The first meeting of Britten and Rostropovich has gone down in legend. The occasion was the London premiere in September 1960 of Shostakovich’s Cello Concerto when Britten accepted an invitation from the composer to sit in his box at the Festival Hall. After the concert Shostakovich introduced Britten to Rostropovich, who begged him to write a piece for him. Britten duly promised to write a cello sonata if Rostropovich promised to come and play it at Aldeburgh the next year. Thus began the extraordinary Anglo-Russian collaboration between composer, cellist and the cellist’s wife, Galina Vishnevskaya, the magnificent Russian soprano with the great Russian composer an enigmatic, off-stage presence. In Rostropovich Britten had found a great artist for whom there were no technical challenges he could not surmount.

Britten in turn set himself an impossible challenge, namely a promise, duly set down in the famous table napkin contract, to write six solo suites in homage to Johann Sebastian Bach. Illness and death eventually restricted Britten to three Suites. The music is incredibly sparse, pared down almost to emptiness, in a dramatic contrast to the richness of the Bach. I haven’t yet achieved the simplicity I should like in my music, he wrote in 1963; this Suite was written a year later. In listening to this work, it helps to know it was written in the shadow of his War Requiem, something that becomes startlingly clear when you reach the Marcia with its haunted bugle calls and drums of war. Indeed this Suite has even been described as a coda to the War Requiem.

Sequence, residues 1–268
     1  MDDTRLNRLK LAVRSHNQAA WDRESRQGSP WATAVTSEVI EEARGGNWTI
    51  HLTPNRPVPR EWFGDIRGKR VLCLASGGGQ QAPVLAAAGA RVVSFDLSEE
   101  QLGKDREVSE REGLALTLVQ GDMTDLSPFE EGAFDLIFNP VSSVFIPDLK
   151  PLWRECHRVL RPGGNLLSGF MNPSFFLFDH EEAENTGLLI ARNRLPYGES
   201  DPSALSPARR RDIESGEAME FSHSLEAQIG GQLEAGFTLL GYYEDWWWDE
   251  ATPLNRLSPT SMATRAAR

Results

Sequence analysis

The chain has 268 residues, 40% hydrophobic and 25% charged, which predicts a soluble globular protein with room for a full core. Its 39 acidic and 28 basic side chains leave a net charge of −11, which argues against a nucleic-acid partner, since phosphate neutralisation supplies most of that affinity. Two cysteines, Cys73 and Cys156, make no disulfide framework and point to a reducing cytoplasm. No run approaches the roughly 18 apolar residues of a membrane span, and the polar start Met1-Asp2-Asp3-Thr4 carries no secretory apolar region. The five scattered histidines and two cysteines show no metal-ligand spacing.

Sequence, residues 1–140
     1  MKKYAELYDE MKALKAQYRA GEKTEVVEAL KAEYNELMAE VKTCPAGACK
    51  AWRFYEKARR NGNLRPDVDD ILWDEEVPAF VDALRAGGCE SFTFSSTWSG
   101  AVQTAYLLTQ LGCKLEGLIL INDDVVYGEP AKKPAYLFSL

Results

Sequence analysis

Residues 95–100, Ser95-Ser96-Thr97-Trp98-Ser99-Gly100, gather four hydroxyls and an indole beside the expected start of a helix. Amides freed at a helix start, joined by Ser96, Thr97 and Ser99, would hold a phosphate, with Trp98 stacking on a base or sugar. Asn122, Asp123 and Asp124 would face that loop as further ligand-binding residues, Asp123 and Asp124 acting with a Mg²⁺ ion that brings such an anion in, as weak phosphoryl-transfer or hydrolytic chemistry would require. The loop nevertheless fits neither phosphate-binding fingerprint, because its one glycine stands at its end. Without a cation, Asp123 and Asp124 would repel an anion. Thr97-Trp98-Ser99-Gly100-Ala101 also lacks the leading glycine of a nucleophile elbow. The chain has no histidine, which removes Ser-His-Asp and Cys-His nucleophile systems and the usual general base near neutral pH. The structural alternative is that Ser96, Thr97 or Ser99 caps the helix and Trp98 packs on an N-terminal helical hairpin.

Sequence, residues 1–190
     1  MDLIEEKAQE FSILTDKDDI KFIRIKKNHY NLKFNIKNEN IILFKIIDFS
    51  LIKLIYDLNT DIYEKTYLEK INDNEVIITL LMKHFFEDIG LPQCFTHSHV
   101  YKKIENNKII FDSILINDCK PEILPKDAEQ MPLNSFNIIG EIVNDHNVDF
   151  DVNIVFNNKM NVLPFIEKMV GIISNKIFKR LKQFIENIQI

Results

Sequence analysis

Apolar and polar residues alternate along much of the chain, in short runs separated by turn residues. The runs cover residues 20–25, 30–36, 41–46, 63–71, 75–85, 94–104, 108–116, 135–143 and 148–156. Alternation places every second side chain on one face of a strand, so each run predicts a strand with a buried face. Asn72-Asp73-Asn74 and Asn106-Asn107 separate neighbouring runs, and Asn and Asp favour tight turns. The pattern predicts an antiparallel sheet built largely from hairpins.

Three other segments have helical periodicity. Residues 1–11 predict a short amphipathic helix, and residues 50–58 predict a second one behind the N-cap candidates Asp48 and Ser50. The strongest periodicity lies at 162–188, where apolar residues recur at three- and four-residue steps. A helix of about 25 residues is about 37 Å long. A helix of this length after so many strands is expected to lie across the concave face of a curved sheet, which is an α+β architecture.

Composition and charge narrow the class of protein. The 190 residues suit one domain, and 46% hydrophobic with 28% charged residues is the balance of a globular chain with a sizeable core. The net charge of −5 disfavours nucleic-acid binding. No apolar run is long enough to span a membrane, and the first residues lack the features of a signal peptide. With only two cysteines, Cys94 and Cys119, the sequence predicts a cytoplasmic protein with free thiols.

The opening Canto’s refrain is almost beyond sadness with its stark and lonely song. It acts as a Greek Chorus, returning time and again to sing its song. The nine movements flow into each other without a break. First up is a fugue, a challenge Britten always enjoyed, leading to the startlingly passionate Lamento and the first brief return of the Canto. The technical next challenge is the all-pizzicato guitar-like Sostenuto that leads directly into the ghostly bugles and drums of the Marcia. After the final deathly bugle blows, the Canto reappears for the third time before giving away to the sad folk music drone of the Bordone. The final moto perpetua flies off the strings until the Canto refrain increasingly forces its way back into the music leading to a dramatic but inconclusive close.